From both a soil compaction and organic matter management perspective, hollow tine coring in conjunction with topdressing (sand) is effective. On high sand content greens, hollow tining and then filling with sand topdressing improves water infiltration as measured by hydraulic conductivity, for 5 to 8 weeks, and minimizes organic matter accumulation. Non-filled holes of at least 6.35 mm in diameter did improve infiltration rates immediately but the effects decline overtime. In general, the benefits from not filling last less than half the time compared to sand filled holes on high sand content greens.
Root length and mass are enhanced overtime by coring. However, in the short-term root hairs and roots in general can be injured with coring. The drier the soil conditions, the greater the likelihood of damage. When coring during stress periods, make sure the soil moisture levels are adequate, and, probably not a concern in Ireland, that soil temperatures are not high.
If we were suggesting a core cultivation program for creeping bentgrass and/or Poa annua sand based greens in Ohio, USA, it would be an initial coring in the spring when the turf is actively growing (promote turf recovery). Core with hollow tines of at least 12.7 mm in diameter in conjunction with sand topdressing to fill the holes. Five to eight weeks later, we would start coring (quadra-tines, or hydrojecting every 3 weeks or,
as conditions dictate, topdressing when possible (at least lightly for the organic matter management). In the fall - hollow tine and fill the holes with a topdressing program.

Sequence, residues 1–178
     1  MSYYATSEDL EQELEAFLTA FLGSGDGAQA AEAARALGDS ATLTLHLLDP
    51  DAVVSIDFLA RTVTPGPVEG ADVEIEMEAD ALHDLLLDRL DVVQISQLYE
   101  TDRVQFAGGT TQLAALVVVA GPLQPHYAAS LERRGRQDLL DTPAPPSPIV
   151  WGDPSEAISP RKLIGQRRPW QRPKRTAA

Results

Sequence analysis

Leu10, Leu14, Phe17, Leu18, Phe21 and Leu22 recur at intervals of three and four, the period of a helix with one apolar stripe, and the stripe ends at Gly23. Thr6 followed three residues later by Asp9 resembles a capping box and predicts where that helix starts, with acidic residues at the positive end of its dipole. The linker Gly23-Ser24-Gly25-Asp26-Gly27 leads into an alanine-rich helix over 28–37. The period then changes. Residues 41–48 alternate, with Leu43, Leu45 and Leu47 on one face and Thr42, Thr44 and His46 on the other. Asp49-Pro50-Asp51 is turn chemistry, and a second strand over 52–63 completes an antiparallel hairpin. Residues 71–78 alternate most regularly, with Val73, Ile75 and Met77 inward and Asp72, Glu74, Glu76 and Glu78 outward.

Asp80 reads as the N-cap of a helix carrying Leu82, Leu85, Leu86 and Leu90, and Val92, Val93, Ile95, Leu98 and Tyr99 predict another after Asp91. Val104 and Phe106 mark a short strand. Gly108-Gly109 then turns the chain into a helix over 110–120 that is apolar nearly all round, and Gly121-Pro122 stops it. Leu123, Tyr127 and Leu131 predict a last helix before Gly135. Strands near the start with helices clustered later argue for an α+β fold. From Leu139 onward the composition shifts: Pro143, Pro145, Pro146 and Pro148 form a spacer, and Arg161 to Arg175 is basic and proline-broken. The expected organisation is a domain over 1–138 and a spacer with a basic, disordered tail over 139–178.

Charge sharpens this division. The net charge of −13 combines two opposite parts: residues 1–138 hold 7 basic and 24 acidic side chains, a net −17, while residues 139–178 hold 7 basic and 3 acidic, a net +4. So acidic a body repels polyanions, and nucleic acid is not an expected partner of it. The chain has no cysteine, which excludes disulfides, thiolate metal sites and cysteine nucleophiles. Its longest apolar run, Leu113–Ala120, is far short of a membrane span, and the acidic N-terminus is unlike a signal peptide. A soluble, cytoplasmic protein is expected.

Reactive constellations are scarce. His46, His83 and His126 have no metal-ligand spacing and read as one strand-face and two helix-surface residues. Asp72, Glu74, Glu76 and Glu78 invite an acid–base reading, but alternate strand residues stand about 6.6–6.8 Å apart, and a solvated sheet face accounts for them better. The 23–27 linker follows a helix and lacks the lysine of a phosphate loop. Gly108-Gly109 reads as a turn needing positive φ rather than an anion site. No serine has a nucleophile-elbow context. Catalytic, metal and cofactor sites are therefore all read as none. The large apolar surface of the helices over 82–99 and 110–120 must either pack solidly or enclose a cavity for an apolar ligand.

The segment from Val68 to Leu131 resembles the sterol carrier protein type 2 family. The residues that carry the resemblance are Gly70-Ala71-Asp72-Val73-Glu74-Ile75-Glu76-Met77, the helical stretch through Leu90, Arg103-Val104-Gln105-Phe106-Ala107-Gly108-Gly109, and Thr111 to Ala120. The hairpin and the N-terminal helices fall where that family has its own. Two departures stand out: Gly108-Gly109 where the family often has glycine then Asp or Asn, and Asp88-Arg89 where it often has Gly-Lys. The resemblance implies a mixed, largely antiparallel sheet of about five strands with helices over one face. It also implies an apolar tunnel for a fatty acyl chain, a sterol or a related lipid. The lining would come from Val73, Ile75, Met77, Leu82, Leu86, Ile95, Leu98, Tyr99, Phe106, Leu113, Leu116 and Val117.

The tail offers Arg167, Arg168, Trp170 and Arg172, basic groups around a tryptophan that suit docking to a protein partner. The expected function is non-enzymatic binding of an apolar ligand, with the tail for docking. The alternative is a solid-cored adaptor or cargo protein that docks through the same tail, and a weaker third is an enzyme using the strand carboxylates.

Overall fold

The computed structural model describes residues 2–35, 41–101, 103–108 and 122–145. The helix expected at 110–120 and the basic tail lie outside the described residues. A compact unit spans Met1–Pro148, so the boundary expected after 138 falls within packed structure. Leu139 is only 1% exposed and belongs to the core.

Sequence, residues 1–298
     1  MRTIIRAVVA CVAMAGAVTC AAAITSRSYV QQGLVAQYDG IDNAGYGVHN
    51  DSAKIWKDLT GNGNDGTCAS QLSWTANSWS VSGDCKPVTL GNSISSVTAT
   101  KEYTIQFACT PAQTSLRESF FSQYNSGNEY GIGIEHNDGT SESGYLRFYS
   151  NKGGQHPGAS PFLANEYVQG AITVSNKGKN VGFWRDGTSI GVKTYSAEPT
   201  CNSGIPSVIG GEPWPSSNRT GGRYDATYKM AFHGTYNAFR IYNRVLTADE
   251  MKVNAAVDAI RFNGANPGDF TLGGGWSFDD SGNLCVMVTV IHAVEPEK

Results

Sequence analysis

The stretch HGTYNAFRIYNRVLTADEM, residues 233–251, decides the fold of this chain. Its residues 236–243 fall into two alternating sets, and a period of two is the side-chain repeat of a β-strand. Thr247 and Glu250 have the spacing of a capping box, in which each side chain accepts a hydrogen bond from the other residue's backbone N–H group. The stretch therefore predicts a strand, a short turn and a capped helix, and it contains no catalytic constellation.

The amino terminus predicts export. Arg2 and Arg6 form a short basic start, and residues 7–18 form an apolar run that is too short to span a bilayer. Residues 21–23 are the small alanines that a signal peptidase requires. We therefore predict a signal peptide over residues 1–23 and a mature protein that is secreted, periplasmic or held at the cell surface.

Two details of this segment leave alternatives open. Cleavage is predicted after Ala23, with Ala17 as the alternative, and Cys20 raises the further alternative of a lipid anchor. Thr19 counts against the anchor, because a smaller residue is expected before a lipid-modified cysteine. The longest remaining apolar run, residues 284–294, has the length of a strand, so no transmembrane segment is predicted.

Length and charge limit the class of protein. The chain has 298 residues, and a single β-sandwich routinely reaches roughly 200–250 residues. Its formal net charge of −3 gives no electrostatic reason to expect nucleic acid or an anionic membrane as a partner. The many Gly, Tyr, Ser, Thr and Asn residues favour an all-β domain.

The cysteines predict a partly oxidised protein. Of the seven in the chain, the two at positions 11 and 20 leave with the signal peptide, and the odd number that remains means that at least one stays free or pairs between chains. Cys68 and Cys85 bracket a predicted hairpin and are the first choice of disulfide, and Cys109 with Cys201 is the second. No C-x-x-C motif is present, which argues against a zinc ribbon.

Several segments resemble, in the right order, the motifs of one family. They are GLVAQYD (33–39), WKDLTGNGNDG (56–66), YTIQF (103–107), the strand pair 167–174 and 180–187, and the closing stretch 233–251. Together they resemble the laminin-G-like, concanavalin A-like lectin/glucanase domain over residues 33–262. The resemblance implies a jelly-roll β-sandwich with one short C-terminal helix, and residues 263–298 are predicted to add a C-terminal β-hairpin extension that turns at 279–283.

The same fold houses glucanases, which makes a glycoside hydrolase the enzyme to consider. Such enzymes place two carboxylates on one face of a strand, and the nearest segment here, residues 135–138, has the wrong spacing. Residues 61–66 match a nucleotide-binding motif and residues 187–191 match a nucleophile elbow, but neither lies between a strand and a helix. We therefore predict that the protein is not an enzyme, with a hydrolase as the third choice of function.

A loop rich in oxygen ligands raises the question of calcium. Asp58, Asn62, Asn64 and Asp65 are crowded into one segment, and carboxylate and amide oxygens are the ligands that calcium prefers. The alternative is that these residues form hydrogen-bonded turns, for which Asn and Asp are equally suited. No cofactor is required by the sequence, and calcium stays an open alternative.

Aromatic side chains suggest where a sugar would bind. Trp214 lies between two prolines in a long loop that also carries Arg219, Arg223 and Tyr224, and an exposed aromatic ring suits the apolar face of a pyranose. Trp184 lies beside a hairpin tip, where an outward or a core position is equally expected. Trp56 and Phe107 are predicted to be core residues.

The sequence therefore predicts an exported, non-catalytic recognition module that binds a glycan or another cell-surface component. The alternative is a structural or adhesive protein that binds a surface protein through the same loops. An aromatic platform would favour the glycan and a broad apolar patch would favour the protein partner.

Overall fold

Due to concern of disruption of playing surfaces, solid tines are popular for both deep and small diameter coring. Solid tines do provide relief to soil compaction but in general not to the same degree as hollow tines. Solid tines can vary in shape (ex. "pencil", "star", etc.)
Hydroject® and Dry-Ject®
The Toro Hydroject® pioneered the use of water under high pressure to penetrate and fracture the soil profile. As previously mentioned, the Hydroject can be used as tri-weekly cultivation similar to quadra-tining. Recently, the development of Dry-ject® using high pressure injection of sand has become popular. The Dry-ject, analogous to coring and topdressing to fill cores, should be done when the turf is actively growing (spring and fall) allowing for root growth and development recovery.
Aggressive verticutting (i.e. Graden®) is a practice used for surface layer removal of organic matter. Verticutting removes more organic matter from the surface 2.5 cm than coring, but also removes a disproportional amount of plant debris, and the turf recovers much slower. Regarding blade diameter, there is little difference between 1 and 2 mm blades in the amount of organic matter removed. To improve recovery time and replace potential sand loss, these high speed verticutting units have developed sand re-placement units. Verticutting in combination with coring and topdressing has been effective in controlling organic matter accumulation in creeping bentgrass including newly established greens.
Cultivation, including an integration of coring, verticutting, and topdressing, are critical in maintaining healthy putting greens through improving water movement and soil oxygen levels by relieving soil compaction and reducing excessive organic matter accumulation. Given that play can be affected, and thus pressure to minimize the number of cultivations per year, knowing whether your turf is suffering from compaction or excessive organic matter or both dictates the management program.
By Karl Danneberger and Pamela Sherratt
Department of Horticulture and Crop Science
The Ohio State University
Article kindly supplied by Alan Mahon Editor of Greenside the official magazine of the GCSAI